Meal Planning

By Carolyn Shearlock © 2015 • all rights reserved

Remembering the Meal Plan: Planning meals isn't the hard part for me -- it's remembering what I was planning so that I don't waste food. I finally found a solution!

When I ‘m making out the grocery/provisioning list, or even when I’m at the store and decide to grab up a few extra things that look good, I have all sorts of ideas about what meals we’ll have.

The next afternoon, I’m totally blank when it comes to “what are we going to have for a snack?” and “what am I going to fix for dinner?” And I’ll end up making one of my standbys, totally forgetting the extra veggies I bought until after dinner. And then I vow to use them the next day. And the next. If I’m lucky, I remember before anything spoils.

I’ve tried keeping a list in a notebook or on the phone, and that just doesn’t work for me. I just don’t think to look at it.

But when I saw the whiteboard idea from Brittany and Jody that I wrote about in What’s In the Refrigerator?, I realized that was an idea that might work for me. A list right out where I could see it.

But where I wanted to put it is in a fairly narrow passageway in the galley. Not a lot of room for a regular whiteboard.

So I tried getting some white board stick-on sheets . . . but of course I didn’t want to stick them up permanently and thus left the backing on and taped them on. Not a good solution for two reasons: every time we walked by, we’d wipe off part of the list. And without being stuck on, the sheets started crumpling.

But then it hit me: right where we want the list, we have black plastic sliding doors. Could I find something that would just write on those and then somehow erase off when I wanted to, but not every time I walked by?

Yep. They’re called “wet erase markers” or “liquid chalk markers” and exactly what I wanted. They’re designed for writing on glass, car windows and the like (yeah, when I was a kid we decorated car windows with poster paint, explaining why I didn’t know about these). The write pretty much like a regular felt marker — you can get them in all sorts of tip sizes and colors — and once they dry, they won’t erase except with a damp rag. They can be used on any non-porous surface so they can even be used on Formica or gelcoat (test in an inconspicuous area first).

Perfect for posting my meal ideas and appetizers . . . as well as a to-do list!

Sometimes I’ll have alternate ideas about how I’ll use something — say a package of chicken breasts. So when I come back from the grocery store, I’ll write down several possible meals with them. But then when I use the last chicken breast, all the remaining ideas that use a chicken breast have to be erased too.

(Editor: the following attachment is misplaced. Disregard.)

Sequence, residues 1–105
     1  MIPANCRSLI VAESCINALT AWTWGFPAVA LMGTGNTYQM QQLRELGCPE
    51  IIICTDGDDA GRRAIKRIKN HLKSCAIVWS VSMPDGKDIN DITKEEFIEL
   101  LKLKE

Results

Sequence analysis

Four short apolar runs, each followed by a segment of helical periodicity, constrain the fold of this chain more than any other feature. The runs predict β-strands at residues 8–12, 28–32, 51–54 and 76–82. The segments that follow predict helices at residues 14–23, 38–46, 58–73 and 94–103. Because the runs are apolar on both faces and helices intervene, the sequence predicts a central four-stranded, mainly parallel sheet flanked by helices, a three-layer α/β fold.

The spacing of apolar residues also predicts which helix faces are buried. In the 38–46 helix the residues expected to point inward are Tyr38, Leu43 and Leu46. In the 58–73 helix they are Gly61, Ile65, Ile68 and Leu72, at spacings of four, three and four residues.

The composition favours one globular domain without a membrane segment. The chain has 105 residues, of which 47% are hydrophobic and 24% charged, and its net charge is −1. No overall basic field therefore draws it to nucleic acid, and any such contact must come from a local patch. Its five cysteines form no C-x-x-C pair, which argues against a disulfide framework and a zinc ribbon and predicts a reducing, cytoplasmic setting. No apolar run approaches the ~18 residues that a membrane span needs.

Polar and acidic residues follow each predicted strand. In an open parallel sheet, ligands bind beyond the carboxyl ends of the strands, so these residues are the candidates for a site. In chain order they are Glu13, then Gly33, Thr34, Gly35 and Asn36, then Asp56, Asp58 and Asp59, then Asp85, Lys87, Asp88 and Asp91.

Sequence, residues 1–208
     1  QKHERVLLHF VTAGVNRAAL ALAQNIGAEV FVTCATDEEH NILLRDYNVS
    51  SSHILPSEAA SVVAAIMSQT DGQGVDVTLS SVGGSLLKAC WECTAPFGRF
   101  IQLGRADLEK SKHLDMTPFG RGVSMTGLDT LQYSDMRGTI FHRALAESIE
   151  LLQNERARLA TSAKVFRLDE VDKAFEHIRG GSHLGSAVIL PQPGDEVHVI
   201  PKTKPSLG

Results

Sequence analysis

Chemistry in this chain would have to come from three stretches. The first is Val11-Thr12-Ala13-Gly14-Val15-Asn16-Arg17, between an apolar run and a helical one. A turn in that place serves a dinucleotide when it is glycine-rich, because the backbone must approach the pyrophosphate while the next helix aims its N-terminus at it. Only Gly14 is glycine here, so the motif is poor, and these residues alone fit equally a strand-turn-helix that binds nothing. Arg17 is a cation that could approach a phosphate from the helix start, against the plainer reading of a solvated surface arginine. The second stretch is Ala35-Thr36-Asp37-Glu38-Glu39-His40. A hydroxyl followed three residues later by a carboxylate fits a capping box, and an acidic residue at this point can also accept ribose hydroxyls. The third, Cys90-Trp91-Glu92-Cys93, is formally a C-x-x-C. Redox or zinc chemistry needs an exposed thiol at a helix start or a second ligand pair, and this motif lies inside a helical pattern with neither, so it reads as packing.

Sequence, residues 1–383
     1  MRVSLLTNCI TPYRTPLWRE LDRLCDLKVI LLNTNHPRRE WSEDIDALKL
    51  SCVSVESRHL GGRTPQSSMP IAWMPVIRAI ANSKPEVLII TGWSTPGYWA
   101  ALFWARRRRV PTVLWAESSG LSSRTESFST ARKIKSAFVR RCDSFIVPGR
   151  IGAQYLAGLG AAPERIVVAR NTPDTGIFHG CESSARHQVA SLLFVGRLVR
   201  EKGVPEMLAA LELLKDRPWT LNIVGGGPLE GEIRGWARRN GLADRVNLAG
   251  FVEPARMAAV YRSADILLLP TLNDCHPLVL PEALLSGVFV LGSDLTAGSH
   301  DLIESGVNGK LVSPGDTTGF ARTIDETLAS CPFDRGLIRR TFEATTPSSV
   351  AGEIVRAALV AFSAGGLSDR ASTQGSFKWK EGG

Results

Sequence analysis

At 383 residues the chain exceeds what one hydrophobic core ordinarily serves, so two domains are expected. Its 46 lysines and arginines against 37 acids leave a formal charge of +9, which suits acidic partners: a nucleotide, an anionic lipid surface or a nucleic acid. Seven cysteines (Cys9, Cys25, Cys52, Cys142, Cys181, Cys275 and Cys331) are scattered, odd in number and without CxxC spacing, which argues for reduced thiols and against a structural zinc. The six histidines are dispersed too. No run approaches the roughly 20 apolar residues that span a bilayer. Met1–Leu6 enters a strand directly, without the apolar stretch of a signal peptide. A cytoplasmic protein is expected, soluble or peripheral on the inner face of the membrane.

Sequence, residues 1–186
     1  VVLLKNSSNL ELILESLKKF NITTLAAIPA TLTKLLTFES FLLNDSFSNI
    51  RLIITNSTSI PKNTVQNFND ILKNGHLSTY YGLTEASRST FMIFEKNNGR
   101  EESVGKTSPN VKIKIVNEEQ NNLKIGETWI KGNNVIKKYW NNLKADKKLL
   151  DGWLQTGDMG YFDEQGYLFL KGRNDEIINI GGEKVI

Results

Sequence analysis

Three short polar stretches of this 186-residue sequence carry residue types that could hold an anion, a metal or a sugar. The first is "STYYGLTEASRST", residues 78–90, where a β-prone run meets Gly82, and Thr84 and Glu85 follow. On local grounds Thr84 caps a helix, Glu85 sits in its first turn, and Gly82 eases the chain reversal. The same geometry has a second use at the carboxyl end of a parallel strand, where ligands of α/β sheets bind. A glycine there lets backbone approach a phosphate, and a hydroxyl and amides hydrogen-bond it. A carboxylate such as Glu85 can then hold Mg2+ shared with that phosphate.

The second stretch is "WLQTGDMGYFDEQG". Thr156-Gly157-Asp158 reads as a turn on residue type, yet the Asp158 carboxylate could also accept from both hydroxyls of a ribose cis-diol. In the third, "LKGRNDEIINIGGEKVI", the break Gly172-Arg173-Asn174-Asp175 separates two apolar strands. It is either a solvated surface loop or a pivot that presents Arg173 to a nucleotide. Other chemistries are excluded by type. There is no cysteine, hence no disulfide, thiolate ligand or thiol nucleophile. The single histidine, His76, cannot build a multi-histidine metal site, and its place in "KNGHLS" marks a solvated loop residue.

You can get chalk markers pretty much anywhere that craft supplies are sold — they run around $3 each (less for large multi-packs) and come in a huge variety of colors. I got mine on Amazon and later saw them at the local Dollar General.

Do You Find The Boat Galley Useful?

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Comments

  1. Be sure to wash them all of every so often, like weekly or so. Leave them on for a couple of months and the next owner will be able to read them.

  2. I use a Google “Sheets” document, one tab has the menu ideas, next tab has all the things you need to buy. Planning/Shopping list. but it is internet dependent…

  3. Jenn Bruning says:

    Our galley is a pass through and has lots of blank wall on one side – the engine room below it. So my Captain made a couple of white boards. He went Home Depot and had them cut to size – we got some of those press on picture frame edges and he popped them in just using wood brads. They have been up for years now and we use them for upcoming maintenance jobs that need to be done, supplied needed/used, menus (and associated recipe notes), greetings for visitors-it really helps to keep us both organized.

  4. I have my trusted notebook that serves me well, but the planning gets me. I try to plan a week at a time and find that when I get to about halfway through, whatever I planned sounds entirely unappetizing. I try to be flexible, but that only stalls the burn out for a day or two…

    • Instead of planning the meals day by day, I try to just list ideas that could work with what’s on hand and then choose something each day. Thus I can go with whatever seems most appealing. For example, I may list 3 or 4 things that I could make with the ground beef I bought, but once I use it up, all the ground beef items get erased from the list.

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